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Cameron announces ‘green tax rollback’ at PMQs

David Cameron made the announcement during Prime Minister's Questions. Picture: PA

David Cameron made the announcement during Prime Minister's Questions. Picture: PA

  • by DAVID MADDOX
 

THE Coalition is deeply split after Lib Dems rejected Tory Prime Minister David Cameron’s announcement that the government will cut energy bills by “rolling back the green taxes.”

The shock announcement by Mr Cameron came during Prime Minister’s Questions (PMQs) where for a third week running he was put under severe pressure by Labour leader Ed Miliband on the rising cost of energy bills.

It followed calls by former Tory Prime Minister Sir John Major for the government to impose a windfall tax on the back of rises imposed on customers by three of the big six energy companies of between 8.4 percent and 10.4 per cent with more expected to follow.

But the pledge by the Prime Minister to “roll back on green taxes” was met with a furious response from his Lib Dem coalition partners with Chief Treasury Secretary Danny Alexander saying that the agreed plan is to actually increase them instead.

He said: “We have made commitments on environmental levies as a Coalition, the Conservatives haven’t put forward any alternative proposals to us. But we as Liberal Democrats will support our commitment to the environment and don’t want jobs in Scotland and the rest of the UK which are supported by these environmental levies to be undermined.

He added: “There is no commitment to roll back environmental levies, quite the contrary, it is a very important part of our long term strategy to tackle climate change and the security of our energy supply.”

Mr Cameron made his remark following heavy criticism of environmental levies from the energy sector led by Scottish and Southern Energy (SSE) chief executive Alistair Phillips-Davies, whose company have put bills up by 8.4 per cent.

The last fortnight has also seen British Gas increase its bills by 9.2 per and NPower have announced rises of 10.4 per cent.

After PMQs Downing Street insisted that the Prime Minister’s remarks were Coalition policy but this was denied by Lib Dem ministers.

Challenged on Sir John’s remarks by Labour leader Ed Miliband during PMQs, Mr Cameron said: “I want more companies, I want better regulation, I want better deals for consumers. But yes, we also need to roll back the green charges that he put in place as energy secretary.”

As well as angering Mr Alexander, the Prime Minister’s comments also put him on collision course with Lib Dem Energy Secretary Ed Davey, who earlier this month said it would be “silly” to cut green levies which help low-income households install energy efficiency measures.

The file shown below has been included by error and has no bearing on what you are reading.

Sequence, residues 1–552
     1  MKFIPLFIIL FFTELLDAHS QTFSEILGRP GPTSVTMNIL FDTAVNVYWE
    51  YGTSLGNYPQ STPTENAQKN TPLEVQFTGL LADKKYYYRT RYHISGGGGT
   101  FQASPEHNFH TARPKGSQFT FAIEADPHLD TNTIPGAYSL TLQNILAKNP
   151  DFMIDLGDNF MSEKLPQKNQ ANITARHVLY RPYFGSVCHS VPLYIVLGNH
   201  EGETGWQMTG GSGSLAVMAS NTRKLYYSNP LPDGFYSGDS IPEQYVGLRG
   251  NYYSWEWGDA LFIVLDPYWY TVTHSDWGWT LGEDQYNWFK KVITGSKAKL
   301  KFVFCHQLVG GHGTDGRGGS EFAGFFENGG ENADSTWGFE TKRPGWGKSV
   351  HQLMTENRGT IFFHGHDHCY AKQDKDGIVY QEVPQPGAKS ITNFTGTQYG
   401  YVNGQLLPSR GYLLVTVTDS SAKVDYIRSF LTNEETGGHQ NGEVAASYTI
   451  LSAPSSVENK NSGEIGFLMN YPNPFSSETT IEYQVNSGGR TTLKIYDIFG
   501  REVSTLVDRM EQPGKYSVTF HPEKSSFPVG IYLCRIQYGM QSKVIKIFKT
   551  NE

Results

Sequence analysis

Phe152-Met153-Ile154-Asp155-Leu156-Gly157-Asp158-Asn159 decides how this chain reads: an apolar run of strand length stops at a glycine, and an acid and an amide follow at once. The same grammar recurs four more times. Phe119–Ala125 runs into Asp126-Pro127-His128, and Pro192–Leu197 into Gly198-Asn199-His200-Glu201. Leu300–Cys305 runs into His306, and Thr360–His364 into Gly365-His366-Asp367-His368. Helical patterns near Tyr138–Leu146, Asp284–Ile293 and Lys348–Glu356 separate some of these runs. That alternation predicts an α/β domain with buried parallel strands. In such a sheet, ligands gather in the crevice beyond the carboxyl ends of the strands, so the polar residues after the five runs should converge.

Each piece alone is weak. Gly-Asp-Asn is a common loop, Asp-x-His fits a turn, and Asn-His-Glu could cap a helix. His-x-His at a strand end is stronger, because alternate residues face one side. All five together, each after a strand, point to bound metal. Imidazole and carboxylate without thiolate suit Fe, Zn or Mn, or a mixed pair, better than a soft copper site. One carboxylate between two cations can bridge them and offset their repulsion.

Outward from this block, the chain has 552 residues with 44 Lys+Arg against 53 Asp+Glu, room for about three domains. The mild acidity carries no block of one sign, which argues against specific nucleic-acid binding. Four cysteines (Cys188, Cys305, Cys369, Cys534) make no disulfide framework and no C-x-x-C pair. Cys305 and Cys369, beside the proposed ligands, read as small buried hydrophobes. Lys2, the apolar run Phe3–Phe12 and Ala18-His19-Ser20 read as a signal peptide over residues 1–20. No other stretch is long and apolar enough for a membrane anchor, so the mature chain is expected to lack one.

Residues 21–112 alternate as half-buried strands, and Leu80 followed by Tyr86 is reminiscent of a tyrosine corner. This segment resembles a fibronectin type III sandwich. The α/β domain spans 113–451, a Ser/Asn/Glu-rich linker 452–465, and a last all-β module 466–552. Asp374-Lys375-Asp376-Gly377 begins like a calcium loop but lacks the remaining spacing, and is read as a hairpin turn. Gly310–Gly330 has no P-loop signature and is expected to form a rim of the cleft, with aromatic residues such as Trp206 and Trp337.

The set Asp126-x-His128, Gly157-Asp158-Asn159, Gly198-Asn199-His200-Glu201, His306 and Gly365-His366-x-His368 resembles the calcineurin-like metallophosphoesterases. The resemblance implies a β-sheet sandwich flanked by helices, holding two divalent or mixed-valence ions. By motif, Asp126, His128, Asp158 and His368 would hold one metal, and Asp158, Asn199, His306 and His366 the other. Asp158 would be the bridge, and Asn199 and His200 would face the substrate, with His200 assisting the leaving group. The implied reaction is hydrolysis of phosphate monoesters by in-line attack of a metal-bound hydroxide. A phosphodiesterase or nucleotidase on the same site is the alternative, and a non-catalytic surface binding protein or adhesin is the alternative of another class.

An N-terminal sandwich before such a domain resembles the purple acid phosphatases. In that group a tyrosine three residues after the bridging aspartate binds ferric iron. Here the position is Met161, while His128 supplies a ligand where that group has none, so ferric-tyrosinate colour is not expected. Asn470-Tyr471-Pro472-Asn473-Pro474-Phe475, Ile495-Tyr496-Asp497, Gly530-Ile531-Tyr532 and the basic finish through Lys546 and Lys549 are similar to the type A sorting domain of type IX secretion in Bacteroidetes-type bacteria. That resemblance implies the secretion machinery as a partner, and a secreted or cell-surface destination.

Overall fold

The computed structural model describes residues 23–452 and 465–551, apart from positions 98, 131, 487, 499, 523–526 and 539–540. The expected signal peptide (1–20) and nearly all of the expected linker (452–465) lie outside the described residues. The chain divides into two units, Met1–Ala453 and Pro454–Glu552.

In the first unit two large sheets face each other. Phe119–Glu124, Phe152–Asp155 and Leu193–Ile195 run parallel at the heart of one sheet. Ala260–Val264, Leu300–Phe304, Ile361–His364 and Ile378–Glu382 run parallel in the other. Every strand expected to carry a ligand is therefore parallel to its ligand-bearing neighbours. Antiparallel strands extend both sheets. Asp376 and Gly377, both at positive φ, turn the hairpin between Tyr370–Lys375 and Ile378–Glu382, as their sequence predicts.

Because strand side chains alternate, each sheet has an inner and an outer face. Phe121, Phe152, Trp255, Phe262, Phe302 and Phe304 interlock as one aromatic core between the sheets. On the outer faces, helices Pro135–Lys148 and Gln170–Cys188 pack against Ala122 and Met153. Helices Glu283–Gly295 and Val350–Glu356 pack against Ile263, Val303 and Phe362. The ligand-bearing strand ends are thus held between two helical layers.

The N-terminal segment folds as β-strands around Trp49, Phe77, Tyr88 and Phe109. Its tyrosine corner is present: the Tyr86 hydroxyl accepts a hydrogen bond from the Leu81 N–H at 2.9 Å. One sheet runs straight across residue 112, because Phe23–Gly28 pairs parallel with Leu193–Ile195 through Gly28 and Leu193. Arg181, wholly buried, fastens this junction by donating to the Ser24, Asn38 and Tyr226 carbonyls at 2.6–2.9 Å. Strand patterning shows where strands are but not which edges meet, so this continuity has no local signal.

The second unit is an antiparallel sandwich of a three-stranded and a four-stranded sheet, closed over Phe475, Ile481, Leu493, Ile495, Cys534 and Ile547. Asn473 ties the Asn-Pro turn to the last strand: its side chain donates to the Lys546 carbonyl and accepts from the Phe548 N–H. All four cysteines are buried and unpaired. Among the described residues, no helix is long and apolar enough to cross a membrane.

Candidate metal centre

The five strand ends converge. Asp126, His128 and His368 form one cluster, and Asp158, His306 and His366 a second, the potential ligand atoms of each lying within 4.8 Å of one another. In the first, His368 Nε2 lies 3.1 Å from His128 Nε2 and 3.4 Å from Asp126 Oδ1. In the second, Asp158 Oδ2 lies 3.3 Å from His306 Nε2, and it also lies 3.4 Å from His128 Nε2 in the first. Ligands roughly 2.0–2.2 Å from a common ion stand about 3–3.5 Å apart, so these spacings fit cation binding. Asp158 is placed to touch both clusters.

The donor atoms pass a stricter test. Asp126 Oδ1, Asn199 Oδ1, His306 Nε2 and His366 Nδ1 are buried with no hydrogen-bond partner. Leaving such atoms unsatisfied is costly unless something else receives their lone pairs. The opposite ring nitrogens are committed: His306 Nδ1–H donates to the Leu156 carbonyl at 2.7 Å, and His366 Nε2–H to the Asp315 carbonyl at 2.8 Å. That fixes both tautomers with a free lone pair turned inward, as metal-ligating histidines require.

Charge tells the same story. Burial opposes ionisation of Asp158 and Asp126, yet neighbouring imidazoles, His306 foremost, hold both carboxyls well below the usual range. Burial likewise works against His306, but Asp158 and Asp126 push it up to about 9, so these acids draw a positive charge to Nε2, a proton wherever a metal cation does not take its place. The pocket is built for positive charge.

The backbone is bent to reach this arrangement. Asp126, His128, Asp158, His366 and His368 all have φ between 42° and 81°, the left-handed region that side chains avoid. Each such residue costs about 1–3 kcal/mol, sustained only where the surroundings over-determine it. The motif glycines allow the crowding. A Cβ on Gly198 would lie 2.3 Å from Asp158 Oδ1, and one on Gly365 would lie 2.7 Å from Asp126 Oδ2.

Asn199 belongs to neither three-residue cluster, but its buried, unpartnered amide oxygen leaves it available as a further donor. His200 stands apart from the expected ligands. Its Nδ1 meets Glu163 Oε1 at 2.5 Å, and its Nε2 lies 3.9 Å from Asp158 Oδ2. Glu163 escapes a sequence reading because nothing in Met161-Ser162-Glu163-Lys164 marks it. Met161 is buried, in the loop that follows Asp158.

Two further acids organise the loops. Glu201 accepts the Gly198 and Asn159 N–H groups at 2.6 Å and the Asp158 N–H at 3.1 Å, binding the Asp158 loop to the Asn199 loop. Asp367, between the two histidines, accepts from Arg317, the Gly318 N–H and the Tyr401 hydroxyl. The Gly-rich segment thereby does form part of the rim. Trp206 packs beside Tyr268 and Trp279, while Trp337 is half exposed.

Mr Cameron said the former premier had been “absolutely right” however to say that energy bills had reached a “completely unacceptable level” and that action was needed.

Mr Miliband said Sir John had exposed the Prime Minister’s unwillingness to stand up to the energy companies.

“Many people face the choice this winter between heating and eating. These are the ordinary people of this country who this Prime Minister will never meet and whose lives he will never understand,” he said.

Mr Cameron also had the indignity of being reprimanded by Speaker John Bercow for describing Mr Miliband as a “con man” over his promise to freeze energy prices for 20 months if he wins the election in 2015.

Mr Miliband demanded that the coalition introduced the freeze now, but this was rejected by the Prime Minister.

Conservative MP and environmentalist Zac Goldsmith branded the party leaders “muppets” over energy.

The Richmond MP said on Twitter: “In 2010, leaders fought to prove they were the greenest. Three years on, they’re desperately blaming their own policies on the other. Muppets. People don’t trust politicians. Given this synthetic scrap between DC & EM on green taxes, is anyone surprised?”

Earlier in the day, Conservative former social security secretary Peter Lilley urged Mr Cameron to get tough with the big energy companies if it was shown they were using their monopoly powers to make excess profits.

“We have got to have a proper system that makes sure that the energy companies do not raise prices more than is justified by investment and rising costs,” Mr Lilley said.

While he rejected the idea of a windfall tax - warning it would simply add to the cost of energy - he said both Sir John and Mr Miliband, who is proposing a temporary price freeze, were right to try to address the issue.

 

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